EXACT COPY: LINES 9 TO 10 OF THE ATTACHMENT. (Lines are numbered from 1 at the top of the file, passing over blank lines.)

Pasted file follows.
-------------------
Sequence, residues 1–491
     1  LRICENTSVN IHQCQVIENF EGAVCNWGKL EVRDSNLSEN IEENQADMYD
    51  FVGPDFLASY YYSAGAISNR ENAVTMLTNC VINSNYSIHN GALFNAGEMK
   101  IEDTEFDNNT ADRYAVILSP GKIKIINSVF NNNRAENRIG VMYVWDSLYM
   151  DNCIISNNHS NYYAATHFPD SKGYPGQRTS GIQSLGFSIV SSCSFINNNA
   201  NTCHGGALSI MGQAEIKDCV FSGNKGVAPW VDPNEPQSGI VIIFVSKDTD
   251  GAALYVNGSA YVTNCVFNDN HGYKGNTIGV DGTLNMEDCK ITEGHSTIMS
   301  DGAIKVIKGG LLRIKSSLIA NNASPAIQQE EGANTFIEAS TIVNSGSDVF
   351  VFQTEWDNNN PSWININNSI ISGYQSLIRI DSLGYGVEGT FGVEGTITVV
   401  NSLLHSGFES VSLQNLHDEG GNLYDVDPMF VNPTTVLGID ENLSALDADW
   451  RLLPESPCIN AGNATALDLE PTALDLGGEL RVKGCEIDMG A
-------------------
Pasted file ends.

   351  VFQTEWDNNN PSWININNSI ISGYQSLIRI DSLGYGVEGT FGVEGTITVV
   401  NSLLHSGFES VSLQNLHDEG GNLYDVDPMF VNPTTVLGID ENLSALDADW